We’re aware of the impact of our environment on our sleep, but we rarely think about whether our five senses remain perceptive and active when we sleep, and if so, how this awareness manifests itself while we’re sleeping. Even though it’s not immediately obvious, outside stimuli can have a great impact on our sleep and what happens during it.
Some of our senses protect us from such stimuli affecting our sleep, which is the case of our sense of sight, while others simply process this information and manifest it in our dreams, which is the case of our sense of smell. Regardless of where your curiosities lie, if you’ve ever asked yourself: “which of our five senses are still active when we sleep?”, then our article will be of great help.
We will provide a general overview of how each of our senses affects our sleep and go over some of the processes that occur while we’re sleeping. Additionally, we included a section where we go over some of the ways sleep deprivation could negatively affect our senses, as well as an FAQ section.
Without further ado, let’s first see why our senses work while we sleep.
Why Do Our Senses Work While We Sleep?
You wouldn’t be surprised to know that our senses are still at work even while we sleep. Our bodies are complex machines, so the activity of our senses is indicative of how our body is trying to preserve our safety even while we sleep. It makes sense from an evolutionary standpoint since many predators lurked in the dark and our ancestors had to stay alert to save their lives.
Many of us experience dreams that are a result of some kind of stimulation of our senses. For instance, if someone in the house is baking bread, we might have a dream that involves bread, pastries, or a bakery. Not to mention, some of our senses are extremely sensitive while we sleep and any stimulation might lead to us waking up, like, for example, if our eyes are exposed to direct sunlight or harsh lights.
With that out of the way, it’s time to go over each of the senses and see how they remain active while we’re asleep.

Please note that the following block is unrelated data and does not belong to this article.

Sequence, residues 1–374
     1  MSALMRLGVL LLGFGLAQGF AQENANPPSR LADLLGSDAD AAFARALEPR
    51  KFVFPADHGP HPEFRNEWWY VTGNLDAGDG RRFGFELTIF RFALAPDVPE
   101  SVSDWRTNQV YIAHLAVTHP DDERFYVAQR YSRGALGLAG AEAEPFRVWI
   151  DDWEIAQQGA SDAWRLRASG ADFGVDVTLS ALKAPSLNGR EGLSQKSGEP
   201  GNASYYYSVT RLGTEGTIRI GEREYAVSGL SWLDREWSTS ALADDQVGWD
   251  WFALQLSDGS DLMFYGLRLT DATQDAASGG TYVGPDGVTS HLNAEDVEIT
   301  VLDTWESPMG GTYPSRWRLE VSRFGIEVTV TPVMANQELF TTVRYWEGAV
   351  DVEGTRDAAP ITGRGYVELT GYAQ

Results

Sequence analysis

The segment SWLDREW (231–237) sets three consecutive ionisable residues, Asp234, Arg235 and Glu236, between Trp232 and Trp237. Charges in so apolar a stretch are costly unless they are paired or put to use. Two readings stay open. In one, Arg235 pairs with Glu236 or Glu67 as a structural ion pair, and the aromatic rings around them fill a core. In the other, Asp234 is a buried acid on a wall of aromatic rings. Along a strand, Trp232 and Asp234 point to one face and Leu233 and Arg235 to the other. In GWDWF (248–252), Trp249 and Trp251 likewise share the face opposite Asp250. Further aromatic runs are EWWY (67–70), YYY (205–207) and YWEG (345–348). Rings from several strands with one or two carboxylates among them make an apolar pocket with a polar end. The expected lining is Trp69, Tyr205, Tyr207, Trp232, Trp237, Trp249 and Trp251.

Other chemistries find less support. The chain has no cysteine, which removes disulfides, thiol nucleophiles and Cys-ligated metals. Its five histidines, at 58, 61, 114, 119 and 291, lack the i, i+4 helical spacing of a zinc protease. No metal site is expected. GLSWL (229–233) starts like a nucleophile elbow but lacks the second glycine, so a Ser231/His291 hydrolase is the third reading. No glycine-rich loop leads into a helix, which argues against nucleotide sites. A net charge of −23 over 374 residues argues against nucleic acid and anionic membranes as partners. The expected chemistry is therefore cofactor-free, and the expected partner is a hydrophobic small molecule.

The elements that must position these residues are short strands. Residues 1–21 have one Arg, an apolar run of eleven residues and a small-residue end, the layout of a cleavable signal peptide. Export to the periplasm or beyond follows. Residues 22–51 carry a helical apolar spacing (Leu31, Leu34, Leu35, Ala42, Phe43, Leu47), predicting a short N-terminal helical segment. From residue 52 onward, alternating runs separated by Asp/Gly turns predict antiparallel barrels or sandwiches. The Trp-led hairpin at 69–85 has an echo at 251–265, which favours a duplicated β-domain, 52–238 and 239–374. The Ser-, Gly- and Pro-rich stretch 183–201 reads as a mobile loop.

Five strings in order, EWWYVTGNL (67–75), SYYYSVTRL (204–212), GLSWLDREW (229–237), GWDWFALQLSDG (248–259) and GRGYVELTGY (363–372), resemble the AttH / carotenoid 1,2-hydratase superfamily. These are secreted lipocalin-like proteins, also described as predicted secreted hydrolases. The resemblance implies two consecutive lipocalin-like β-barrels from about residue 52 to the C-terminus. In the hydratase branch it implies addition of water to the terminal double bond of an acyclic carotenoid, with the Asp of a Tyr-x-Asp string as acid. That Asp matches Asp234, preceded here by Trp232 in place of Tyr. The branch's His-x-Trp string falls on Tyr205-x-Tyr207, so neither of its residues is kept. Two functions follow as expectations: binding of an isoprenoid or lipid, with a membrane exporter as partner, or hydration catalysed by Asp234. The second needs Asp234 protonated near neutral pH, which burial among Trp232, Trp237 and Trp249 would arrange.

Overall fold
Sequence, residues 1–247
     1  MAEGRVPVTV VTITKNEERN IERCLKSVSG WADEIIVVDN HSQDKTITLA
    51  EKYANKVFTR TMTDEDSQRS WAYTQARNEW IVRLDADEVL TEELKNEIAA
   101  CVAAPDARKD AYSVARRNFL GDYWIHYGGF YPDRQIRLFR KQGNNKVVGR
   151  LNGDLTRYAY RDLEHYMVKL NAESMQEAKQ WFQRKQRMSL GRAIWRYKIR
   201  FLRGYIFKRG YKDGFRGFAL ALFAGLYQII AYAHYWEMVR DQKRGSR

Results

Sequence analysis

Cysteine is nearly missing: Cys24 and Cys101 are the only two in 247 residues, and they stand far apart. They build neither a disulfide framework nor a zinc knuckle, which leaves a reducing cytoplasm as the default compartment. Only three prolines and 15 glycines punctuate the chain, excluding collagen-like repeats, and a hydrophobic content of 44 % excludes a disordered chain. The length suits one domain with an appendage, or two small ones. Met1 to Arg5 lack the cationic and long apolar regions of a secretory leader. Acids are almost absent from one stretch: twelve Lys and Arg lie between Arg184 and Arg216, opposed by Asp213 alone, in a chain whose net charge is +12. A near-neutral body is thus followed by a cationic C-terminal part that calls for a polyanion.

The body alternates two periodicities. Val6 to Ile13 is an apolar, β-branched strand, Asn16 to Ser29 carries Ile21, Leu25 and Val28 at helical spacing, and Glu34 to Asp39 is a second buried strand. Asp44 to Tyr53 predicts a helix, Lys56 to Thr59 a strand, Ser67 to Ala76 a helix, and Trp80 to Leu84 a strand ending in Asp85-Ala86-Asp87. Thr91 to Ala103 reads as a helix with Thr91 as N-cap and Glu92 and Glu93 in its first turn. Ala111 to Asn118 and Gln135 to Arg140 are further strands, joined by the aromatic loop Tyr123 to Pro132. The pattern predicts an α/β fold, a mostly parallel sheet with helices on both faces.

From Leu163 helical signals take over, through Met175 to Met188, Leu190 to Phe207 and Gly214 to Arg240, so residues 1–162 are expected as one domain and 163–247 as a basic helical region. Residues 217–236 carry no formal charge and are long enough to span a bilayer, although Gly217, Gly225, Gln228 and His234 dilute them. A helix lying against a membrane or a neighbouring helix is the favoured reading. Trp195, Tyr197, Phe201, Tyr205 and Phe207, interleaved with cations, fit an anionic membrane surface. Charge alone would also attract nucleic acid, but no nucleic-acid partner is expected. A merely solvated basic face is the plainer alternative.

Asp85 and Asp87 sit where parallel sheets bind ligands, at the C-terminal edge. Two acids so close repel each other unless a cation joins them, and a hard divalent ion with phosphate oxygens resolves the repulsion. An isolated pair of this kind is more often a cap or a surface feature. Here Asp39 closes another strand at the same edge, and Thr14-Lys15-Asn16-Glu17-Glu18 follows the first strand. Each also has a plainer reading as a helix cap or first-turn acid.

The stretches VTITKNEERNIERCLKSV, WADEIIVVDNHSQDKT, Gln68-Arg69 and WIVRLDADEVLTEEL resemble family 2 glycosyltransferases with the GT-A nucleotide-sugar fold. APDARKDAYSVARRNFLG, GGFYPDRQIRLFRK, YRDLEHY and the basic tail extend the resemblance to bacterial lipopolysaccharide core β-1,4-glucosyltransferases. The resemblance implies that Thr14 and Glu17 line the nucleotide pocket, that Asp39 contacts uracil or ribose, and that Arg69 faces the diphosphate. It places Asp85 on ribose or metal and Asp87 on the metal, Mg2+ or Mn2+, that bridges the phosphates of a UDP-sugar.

What Happens to Our Sense of Sight While We Sleep?
Most of us have noticed at least one phenomenon that occurs to our sense of sight while we sleep. If you’ve ever observed a person who’s sleeping, you might have noticed that their eyes move around if they’re dreaming. But this is not the only sight-related change that occurs while we dose off. In this section, we will explore what happens to our eyes while we sleep during the five stages of sleep.
As we mentioned earlier, our eyes remain receptive to harsh outside stimuli even while we sleep, so they continue to work while closed. Whether it’s natural lighting or artificial light, if you’re a light sleeper, chances are these changes will result in your sleep being disturbed. But the function of our eyelids isn’t only to protect us from direct light while we sleep, they also serve to keep our eyes moisturised and prevent them from drying out.
As you might know already, we go through five stages of sleep in total – four non-REM stages of sleep and REM (rapid eye movement) sleep. We undergo these stages of sleep a couple of times per night, with the REM stage gradually increasing in duration.
During the first stage of non-REM sleep, when we’re slowly shifting from being awake to being asleep, our eyes roll slowly, and they might even start to open and close a couple of times. However, once this first stage passes and we enter the second stage of non-REM sleep, our eyes remain completely still until we enter the final stage of sleep – REM sleep.